By Kristen Hays and Terry Wade
HOUSTON (Reuters) - The U.S. Gulf Coast may need more than half a dozen facilities to turn condensate - a very light form of crude oil - into exportable products and handle a growing glut of output from the Eagle Ford field in Texas, Magellan Midstream Partners LP
Splitters, or very basic distillation towers, give condensate a minimal level of processing. Without that processing, condensate is considered crude oil under U.S. law and therefore cannot be exported.
Mears told Reuters that Magellan - the country's largest refined products pipeline system - has its eye on building a splitter in Corpus Christi, Texas, a coastal city with plenty of infrastructure for handling Eagle Ford output.
"We think there could be the need for up to six to eight splitters on the Gulf Coast to process all the condensate that's projected to come out of the Eagle Ford," he said.
Nearly half of the Eagle Ford's oil output is condensate. It can be blended into the crude supply or used by Gulf Coast refiners, most of which are configured to run heavy oil, but they have limited demand for it.
Petrochemical companies can use it as a feedstock, but it is much more expensive than other, abundant choices, such as ethane.
While it can dilute heavy Canadian crude so it will flow in pipelines, its quality varies and may not meet specifications that other diluents meet.
So the Gulf Coast increasingly faces incoming condensate with no place to go unless it can be exported, Mears said.
"We're interested in that just from a standalone investment standpoint."
"We think the Eagle Ford is going to be significantly long on condensate, and you can't export it unprocessed today."
Magellan is a 50/50 partner with Kinder Morgan Energy Partners
Mears said the company hopes the majority of condensate that would feed a Magellan splitter would come from that line already connected to its terminal.
"But that's not the primary driver," he said, referring to Magellan's splitter consideration. "The primary driver is that it's a good investment in its own right."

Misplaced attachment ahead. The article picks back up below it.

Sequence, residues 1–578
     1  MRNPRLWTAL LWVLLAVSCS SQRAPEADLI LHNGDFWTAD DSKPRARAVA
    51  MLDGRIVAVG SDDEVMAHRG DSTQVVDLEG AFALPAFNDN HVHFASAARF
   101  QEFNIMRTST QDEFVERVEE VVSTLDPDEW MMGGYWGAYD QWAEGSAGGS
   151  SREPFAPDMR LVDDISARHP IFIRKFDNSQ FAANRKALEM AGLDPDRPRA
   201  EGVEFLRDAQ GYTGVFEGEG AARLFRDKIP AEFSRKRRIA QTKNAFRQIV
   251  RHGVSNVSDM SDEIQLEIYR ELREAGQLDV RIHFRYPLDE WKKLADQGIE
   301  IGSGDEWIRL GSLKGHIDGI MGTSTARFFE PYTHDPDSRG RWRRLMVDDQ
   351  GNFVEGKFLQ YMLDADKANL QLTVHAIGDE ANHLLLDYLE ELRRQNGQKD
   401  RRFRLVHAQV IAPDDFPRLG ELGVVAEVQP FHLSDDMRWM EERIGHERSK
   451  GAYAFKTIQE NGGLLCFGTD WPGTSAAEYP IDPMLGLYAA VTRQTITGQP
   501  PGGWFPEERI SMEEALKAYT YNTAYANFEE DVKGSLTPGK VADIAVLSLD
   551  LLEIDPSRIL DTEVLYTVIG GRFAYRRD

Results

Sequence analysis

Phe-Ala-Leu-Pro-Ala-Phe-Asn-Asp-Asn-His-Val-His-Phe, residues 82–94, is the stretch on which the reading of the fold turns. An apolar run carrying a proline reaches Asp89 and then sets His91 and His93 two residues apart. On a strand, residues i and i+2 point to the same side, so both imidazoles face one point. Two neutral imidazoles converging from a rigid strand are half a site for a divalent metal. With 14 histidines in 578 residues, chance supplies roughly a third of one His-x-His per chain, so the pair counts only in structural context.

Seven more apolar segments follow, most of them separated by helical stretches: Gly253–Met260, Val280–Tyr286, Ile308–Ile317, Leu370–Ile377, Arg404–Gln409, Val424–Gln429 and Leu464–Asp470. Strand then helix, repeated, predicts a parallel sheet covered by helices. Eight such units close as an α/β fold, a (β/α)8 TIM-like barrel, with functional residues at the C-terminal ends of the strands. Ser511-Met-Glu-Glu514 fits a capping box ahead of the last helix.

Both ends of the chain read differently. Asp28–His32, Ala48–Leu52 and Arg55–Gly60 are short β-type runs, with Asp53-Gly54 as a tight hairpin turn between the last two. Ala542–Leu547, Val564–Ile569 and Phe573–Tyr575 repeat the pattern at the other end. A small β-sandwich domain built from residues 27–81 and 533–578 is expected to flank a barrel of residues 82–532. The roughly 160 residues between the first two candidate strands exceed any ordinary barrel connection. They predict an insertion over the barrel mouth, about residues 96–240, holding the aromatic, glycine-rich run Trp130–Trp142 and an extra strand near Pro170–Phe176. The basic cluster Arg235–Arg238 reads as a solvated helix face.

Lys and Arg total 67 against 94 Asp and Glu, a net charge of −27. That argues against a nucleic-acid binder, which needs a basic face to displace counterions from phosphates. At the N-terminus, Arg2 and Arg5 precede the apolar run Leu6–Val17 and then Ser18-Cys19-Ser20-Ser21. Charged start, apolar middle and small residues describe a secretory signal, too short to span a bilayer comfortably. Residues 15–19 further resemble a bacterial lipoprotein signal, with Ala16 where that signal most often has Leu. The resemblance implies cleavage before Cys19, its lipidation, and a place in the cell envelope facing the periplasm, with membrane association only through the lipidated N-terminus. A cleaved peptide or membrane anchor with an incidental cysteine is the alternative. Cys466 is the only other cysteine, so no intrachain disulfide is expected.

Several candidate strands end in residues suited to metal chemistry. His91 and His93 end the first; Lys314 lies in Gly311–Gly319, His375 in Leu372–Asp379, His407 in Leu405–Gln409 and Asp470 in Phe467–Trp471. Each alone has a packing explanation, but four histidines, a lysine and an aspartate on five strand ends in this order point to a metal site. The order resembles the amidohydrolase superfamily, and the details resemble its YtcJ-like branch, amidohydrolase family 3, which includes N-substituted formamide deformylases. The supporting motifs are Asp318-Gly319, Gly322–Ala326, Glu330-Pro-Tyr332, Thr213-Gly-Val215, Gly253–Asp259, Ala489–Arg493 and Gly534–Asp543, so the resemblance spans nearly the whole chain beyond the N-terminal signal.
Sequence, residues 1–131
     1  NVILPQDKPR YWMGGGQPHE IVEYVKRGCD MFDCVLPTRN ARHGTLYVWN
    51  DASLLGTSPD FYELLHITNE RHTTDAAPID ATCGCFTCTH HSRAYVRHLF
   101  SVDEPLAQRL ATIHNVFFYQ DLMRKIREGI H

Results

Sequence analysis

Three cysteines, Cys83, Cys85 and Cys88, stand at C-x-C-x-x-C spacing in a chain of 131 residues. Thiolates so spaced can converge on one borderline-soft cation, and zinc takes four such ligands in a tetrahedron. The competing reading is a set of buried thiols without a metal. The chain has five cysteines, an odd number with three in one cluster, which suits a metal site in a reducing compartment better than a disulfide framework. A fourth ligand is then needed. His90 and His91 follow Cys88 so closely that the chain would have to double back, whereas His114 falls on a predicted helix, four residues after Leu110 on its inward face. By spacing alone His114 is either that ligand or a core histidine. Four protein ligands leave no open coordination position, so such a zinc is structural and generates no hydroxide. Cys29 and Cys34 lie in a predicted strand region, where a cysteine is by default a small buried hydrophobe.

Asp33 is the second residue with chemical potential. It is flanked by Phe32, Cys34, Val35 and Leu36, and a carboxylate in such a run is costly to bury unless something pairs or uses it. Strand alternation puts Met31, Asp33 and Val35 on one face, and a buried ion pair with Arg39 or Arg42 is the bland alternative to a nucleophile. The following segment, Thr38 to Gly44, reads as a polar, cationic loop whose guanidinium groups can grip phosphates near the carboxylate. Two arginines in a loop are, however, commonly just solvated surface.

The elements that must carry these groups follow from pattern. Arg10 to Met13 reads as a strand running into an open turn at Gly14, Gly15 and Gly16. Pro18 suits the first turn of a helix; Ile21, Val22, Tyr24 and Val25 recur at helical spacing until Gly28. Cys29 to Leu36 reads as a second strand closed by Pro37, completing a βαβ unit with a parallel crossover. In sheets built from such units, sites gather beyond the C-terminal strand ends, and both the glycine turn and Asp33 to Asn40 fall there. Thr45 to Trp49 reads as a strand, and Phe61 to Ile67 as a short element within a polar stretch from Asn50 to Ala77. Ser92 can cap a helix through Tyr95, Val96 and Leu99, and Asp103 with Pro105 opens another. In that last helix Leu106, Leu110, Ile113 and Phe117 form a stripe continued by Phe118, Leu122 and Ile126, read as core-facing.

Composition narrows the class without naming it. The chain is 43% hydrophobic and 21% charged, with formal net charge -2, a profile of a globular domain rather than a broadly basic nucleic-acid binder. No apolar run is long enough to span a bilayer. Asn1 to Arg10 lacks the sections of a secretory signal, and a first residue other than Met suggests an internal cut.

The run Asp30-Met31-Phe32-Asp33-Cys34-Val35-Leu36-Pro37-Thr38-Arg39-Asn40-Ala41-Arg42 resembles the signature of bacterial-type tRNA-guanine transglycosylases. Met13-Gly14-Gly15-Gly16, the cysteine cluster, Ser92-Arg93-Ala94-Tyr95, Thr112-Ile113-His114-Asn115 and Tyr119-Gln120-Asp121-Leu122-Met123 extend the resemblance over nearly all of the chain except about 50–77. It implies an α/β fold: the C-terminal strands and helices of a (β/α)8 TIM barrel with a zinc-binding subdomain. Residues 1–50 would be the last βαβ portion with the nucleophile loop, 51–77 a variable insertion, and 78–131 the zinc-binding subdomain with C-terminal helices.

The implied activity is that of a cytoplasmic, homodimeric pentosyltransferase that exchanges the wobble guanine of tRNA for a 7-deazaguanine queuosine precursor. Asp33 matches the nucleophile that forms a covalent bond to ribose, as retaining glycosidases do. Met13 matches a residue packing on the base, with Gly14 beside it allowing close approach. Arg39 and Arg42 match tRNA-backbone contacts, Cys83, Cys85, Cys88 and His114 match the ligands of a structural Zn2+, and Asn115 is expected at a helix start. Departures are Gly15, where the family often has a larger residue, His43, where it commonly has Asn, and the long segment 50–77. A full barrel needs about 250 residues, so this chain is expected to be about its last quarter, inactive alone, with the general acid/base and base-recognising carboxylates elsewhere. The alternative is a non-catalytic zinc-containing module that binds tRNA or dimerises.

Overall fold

Other companies agree. Kinder Morgan is building a $370 million 100,000 bpd, two-unit splitter near its Galena Park terminal on the Houston Ship Channel to process condensate. The first 50,000 bpd unit is slated to start up in the first quarter of 2014, and the next will come online in the second quarter of 2015.
Kinder Morgan started up a 300,000 bpd pipeline in June last year that carries Eagle Ford crude and condensate to the Galena Park complex, and an expansion of the line will start up next year.
Mears said Magellan envisions a project similar to Kinder Morgan's, in that the company would build and operate the splitter, while a third party would secure supply, pay a fee and market the processed product.
"Our analysis suggests there is a very healthy appetite for condensate splitters on the Gulf Coast."
Mears also said companies should prepare for an eventual lifting of the government's ban on exporting domestic crude, though he cautioned there is no certainty the rule will be lifted.
"I think it would be wise to be prepared for that," he said. "I think we and other folks want to make sure that we've got access through the distribution systems and tankage and dock capacity to be able to put crude oil on the water if exports were allowed."
But they do not want to over-invest or over-prepare, he said. If the ban were to be lifted now, export infrastructure would be lacking, and that would give an investment opportunity to Magellan and other companies.
Mears also said he is open to investing in crude-by-rail assets, but so far Magellan has deemed available assets too pricey.
"We're not opposed to crude by rail. We believe in certain instances it's here to stay. We just haven't found the right opportunity to invest."
Many companies are increasingly using rail to move crude from booming domestic oil fields because pipeline infrastructure is lacking. Refiners say crude-by-rail offers flexibility when choosing what types of crude to run through their plants.
(Editing by Matthew Lewis)